Calculate Your Benefits Yourself
Calculating your Social Security benefits on your own is possible, and it involves a few different factors. First, you need your wage information, and you need to know how much money you’ve contributed to Social Security. You also need charts of indexing factors published by the SSA to determine how inflation impacts what you’ve earned and contributed in the past. Finally, you need a good idea of the age you plan to start requesting benefits.
Start by determining which 35 years of your income were the highest. It’s fine to estimate if you haven’t worked for 35 years yet. Then, multiply the income for each one of those years by the applicable indexing factor based on the year you plan on retiring. (This is adjusting each year’s income for inflation.) Next, add all 35 indexed years together. Divide that sum by 420 (35 years x 12 months) to come up with your average indexed monthly earnings (AIME).
Take that monthly number and apply the bend points to it. Social Security works so that people who earned the least during their working years get a higher percentage of their own average indexed monthly income than people who earned more. For example, if your AIME is $5,000, you might only receive a quarter of that, but if your AIME is $2,000, you may receive 80% of that. You get 90% of all money in your AIME up to the first bend point. Then, you get 32% of the money between the first and second bend points. Next, you earn 15% of the money after the second bend point. The sum of all those percentages is your estimate for monthly retirement benefits.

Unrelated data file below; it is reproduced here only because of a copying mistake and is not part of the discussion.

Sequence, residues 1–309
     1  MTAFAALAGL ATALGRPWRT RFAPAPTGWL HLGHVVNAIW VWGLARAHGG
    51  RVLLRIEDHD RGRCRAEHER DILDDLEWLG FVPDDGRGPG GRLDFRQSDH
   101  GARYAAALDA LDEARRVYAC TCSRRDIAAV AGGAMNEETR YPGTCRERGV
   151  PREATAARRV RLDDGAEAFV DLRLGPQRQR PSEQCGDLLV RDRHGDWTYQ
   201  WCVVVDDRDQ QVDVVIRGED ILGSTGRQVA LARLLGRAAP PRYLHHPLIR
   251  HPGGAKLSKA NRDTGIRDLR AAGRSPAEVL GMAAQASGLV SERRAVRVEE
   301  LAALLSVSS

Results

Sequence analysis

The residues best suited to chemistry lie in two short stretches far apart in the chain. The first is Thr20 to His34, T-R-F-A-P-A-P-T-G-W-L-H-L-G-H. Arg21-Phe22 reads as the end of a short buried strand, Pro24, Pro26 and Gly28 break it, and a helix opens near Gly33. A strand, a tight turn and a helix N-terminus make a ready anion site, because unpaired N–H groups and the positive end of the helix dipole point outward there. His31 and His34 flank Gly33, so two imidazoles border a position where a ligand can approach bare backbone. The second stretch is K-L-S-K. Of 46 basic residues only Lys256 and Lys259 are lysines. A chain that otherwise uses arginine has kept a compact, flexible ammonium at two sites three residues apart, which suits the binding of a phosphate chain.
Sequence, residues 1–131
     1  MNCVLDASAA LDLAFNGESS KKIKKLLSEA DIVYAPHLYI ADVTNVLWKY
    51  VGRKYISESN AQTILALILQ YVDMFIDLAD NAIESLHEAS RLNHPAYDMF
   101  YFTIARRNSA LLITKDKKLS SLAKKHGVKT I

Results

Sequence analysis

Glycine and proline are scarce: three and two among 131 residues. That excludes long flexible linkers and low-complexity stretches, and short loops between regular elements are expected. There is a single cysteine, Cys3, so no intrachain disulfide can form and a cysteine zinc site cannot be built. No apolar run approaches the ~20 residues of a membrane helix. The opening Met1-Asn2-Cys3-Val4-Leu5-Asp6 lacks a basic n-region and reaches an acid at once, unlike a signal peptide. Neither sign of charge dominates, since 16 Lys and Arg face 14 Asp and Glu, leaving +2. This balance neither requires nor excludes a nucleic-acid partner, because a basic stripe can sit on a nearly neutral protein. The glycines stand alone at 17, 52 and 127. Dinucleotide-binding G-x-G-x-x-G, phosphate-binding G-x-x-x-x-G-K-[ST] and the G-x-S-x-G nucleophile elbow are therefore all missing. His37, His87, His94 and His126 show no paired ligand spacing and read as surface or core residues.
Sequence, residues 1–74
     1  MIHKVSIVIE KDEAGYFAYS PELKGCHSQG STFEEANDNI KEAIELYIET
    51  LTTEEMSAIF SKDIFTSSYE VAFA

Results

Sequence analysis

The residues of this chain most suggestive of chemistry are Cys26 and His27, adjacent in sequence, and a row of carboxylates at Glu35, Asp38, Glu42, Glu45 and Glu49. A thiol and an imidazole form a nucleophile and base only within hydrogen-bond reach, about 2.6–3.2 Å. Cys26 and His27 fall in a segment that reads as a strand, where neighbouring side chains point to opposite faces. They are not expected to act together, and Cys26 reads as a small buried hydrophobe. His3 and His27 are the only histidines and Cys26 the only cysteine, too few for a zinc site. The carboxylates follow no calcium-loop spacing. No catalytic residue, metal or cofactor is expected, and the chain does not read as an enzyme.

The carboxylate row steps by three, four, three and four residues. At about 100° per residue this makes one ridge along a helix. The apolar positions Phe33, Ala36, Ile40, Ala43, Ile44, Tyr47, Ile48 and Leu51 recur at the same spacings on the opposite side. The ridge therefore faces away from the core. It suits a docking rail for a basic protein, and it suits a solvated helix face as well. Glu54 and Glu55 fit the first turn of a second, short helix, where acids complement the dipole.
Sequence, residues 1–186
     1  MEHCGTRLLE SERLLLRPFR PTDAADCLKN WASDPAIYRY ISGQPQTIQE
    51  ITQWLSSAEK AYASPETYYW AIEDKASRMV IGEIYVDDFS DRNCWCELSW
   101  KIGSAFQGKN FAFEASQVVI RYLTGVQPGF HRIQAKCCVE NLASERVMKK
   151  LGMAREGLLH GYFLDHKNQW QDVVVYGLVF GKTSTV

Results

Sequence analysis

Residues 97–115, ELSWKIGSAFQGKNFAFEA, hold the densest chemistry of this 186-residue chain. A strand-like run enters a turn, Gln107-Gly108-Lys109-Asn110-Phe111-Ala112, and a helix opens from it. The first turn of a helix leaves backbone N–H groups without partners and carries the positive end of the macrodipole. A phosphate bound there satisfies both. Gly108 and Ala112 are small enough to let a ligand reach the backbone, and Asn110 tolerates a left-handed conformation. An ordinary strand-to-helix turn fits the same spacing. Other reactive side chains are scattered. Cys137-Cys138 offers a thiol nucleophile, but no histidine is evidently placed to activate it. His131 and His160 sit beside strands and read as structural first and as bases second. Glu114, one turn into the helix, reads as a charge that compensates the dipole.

Why Estimate Your Social Security Benefits?
You’ll want to enter retirement with a plan about how you’ll pay for all of your expenses while you aren’t working. Understanding your Social Security benefits is one aspect of planning for retirement. If you understand how much money you’re likely to earn from your SSA benefits, you have a clearer path for planning how much money you need to earn from other investments to live the lifestyle you want in retirement.
Because Social Security deductions are based on the amount of money you earn, the only way to contribute more to Social Security is to earn more. However, other retirement savings accounts do allow for increasing contributions. You can also invest in appreciable assets, like real estate and stocks, to earn money during retirement.
Estimating your Social Security benefits can also help you plan when to retire. In general, you earn more in monthly benefits the later you retire. You have the option of retiring at age 62. If Social Security benefits will be your sole or main source of retirement income, it’s very important to understand how much you’ll receive each month before deciding to retire. You may decide to continue working past age 62 to capitalize on the amount of Social Security you’ll receive.Social Security benefits aren’t guaranteed, and there’s no way to predict how drastically legal changes may impact what you’ll receive by the time you retire. Social Security benefits are one important method of earning money during retirement, but you should also look into other, more predictable, forms of investment to achieve financial security when you stop working.